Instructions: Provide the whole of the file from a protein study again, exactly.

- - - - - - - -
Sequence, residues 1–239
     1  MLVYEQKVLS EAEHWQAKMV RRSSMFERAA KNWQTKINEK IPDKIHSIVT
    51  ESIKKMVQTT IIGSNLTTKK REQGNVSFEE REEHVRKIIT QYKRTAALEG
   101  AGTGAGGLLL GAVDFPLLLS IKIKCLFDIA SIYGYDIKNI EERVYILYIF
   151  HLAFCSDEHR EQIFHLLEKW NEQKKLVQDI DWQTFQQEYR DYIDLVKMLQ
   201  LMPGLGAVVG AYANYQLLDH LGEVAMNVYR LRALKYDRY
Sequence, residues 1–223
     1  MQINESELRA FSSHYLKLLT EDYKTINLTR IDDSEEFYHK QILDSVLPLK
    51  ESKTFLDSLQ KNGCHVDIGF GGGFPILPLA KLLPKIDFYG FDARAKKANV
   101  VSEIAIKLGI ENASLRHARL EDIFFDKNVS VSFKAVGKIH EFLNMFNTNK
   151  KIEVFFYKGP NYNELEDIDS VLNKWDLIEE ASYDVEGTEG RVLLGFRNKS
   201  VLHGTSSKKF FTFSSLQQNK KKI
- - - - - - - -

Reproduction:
Sequence, residues 1–239
     1  MLVYEQKVLS EAEHWQAKMV RRSSMFERAA KNWQTKINEK IPDKIHSIVT
    51  ESIKKMVQTT IIGSNLTTKK REQGNVSFEE REEHVRKIIT QYKRTAALEG
   101  AGTGAGGLLL GAVDFPLLLS IKIKCLFDIA SIYGYDIKNI EERVYILYIF
   151  HLAFCSDEHR EQIFHLLEKW NEQKKLVQDI DWQTFQQEYR DYIDLVKMLQ
   201  LMPGLGAVVG AYANYQLLDH LGEVAMNVYR LRALKYDRY
Sequence, residues 1–223
     1  MQINESELRA FSSHYLKLLT EDYKTINLTR IDDSEEFYHK QILDSVLPLK
    51  ESKTFLDSLQ KNGCHVDIGF GGGFPILPLA KLLPKIDFYG FDARAKKANV
   101  VSEIAIKLGI ENASLRHARL EDIFFDKNVS VSFKAVGKIH EFLNMFNTNK
   151  KIEVFFYKGP NYNELEDIDS VLNKWDLIEE ASYDVEGTEG RVLLGFRNKS
   201  VLHGTSSKKF FTFSSLQQNK KKI